West-East Divan: The Poems with "Notes and Essays": Goethe's Intercultural Dialogues

By Wickersham, Erlis | Goethe Yearbook, January 1, 2012 | Go to article overview

West-East Divan: The Poems with "Notes and Essays": Goethe's Intercultural Dialogues


Wickersham, Erlis, Goethe Yearbook


Johann Wolfgang Goethe, West-East Divan: The Poems with "Notes and Essays": Goethe's Intercultural Dialogues. Martin Bidney, trans. "Notes and Essays" translation assisted by Peter Anton von Arnim. Binghamton, NY: Global Academic Publishing, 2010. 474 pp.

This is an unusual scholarly book, a delightful combination of solid research and poetic inspiration, as befits a project whose major purpose is to offer a contemporary translation of Goethe's West-Östlicher Divan. Before the book was published, Peter Anton von Arnim unexpectedly died. He had assisted the author in translating the prose essays entitled "Notes and Essays," which Goethe had written to accompany his poems. Martin Bidney 's tribute to Arnim is a lovely sonnet that appears in the prefatory pages of the book. He also proffered a sonnet to his mentor, Katharina Mommsen, and acknowledged his indebtedness to her in other parts of the text as well. What is unusual about this translation is that all of the author's notes to accompany Goethe's Divan poems are also in poetry, creating an interesting dialectic between author and interpreter, expressed in different and mutually complementary kinds of poetry. Goethe's are firmly rooted in his times and imitative of their Eastern counterparts while Bidney's are contemporary, of course, but also delicately respectful of their antecedent.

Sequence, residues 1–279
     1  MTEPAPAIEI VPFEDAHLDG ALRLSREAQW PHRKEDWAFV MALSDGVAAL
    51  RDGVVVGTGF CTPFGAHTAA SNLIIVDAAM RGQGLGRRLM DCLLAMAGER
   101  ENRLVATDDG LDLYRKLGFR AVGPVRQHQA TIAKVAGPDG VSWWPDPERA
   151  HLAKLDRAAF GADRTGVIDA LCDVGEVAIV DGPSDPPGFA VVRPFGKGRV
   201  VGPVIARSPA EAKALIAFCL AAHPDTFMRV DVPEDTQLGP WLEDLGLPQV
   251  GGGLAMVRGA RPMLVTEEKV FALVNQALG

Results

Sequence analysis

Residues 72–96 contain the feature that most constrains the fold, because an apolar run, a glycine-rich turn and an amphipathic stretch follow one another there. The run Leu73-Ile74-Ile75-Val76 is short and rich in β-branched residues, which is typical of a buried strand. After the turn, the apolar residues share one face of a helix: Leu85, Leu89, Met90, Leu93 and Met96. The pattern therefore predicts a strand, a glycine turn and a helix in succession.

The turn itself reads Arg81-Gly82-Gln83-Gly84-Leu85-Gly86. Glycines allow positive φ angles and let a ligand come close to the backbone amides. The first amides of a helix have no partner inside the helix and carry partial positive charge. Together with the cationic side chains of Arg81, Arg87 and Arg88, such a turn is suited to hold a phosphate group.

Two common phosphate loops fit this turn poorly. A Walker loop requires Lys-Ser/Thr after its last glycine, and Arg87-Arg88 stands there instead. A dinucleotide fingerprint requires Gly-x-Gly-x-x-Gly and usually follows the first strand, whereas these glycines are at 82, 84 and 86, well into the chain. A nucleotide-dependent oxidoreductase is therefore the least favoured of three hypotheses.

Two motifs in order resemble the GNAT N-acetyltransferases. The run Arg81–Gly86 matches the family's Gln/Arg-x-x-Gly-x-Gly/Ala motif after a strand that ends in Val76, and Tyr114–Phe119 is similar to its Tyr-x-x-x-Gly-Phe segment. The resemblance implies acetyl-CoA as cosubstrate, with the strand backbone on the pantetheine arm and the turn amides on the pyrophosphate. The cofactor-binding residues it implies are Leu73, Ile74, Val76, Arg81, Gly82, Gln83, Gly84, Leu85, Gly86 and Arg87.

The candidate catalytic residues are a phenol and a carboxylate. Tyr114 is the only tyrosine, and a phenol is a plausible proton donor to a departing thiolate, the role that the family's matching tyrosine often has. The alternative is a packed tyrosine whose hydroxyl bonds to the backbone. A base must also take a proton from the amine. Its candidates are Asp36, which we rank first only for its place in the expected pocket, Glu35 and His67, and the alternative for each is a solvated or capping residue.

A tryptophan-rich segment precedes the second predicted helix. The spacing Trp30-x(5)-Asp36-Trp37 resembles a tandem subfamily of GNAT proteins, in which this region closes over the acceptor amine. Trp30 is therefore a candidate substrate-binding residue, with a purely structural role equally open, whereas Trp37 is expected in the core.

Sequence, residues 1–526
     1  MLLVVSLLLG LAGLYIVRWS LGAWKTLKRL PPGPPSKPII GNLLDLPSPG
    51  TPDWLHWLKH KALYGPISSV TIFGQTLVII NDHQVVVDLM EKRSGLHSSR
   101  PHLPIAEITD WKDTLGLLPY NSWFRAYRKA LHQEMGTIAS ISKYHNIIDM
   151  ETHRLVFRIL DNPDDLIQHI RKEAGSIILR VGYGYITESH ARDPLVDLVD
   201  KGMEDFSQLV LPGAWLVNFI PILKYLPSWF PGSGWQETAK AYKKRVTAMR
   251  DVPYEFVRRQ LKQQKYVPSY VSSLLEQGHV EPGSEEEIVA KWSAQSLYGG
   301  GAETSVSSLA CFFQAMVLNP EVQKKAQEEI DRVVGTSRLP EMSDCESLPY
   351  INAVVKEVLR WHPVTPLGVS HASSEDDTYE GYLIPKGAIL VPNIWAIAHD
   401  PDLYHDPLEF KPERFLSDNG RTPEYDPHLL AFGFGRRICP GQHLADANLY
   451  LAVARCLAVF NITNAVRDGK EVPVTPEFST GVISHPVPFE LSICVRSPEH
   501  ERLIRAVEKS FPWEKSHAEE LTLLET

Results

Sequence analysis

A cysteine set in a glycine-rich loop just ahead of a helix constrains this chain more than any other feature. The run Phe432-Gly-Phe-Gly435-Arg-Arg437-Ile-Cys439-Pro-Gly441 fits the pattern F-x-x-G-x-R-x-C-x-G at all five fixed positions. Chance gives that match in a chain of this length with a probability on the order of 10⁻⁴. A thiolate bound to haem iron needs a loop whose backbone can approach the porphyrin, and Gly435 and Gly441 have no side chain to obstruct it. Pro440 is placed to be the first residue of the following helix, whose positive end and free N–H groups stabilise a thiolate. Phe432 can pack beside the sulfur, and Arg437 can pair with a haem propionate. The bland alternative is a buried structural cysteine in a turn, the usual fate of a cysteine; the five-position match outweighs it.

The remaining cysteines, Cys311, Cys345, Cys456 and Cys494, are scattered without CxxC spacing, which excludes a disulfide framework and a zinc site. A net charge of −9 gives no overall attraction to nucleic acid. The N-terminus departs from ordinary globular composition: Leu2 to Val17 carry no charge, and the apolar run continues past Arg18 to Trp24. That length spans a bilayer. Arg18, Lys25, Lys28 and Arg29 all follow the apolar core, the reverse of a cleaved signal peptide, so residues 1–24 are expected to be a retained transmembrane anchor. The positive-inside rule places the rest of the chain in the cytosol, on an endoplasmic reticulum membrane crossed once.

One of the most surprising facts about the project is that Goethe's own "Notes and Essays" have never appeared in English before. Some readers may not know how advisable it could be to read both together or assign both to advanced students. Students without an excellent reading knowledge of German will be particularly grateful for this translation. Certainly, contemporary students can be expected to have a more vivid interest in Goethe's west-eastern understandings and intentions than readers from earlier times. Scholars, too, will welcome these competent translations of poetry and notes together.

Goethe himself well understood that he might have to wait for an appreciative authence for this undertaking; yet his admirable foresight and lively interest in the subject remain one of many hallmarks of his genius. Bidney explains that Goethe wrote these extensive notes and essays in order to facilitate access to his main poetic work. Goethe's commentary begins with short chapters about ancient peoples like the Hebrews and Persians. He discusses history, offers remarks about Muhammad (190-92), Persian poets, and technical aspects of their poetic tradition. Goethe includes some of his own poems as well as original Persian texts. He writes a brief segment entitled "Exchanging Flowers and Symbols," rather more extensive notes about a future Div an, and some brief comments about other scholars or travelers interested in this area. …

The rest of this article is only available to active members of Questia

Sign up now for a free, 1-day trial and receive full access to:

  • Questia's entire collection
  • Automatic bibliography creation
  • More helpful research tools like notes, citations, and highlights
  • Ad-free environment

Already a member? Log in now.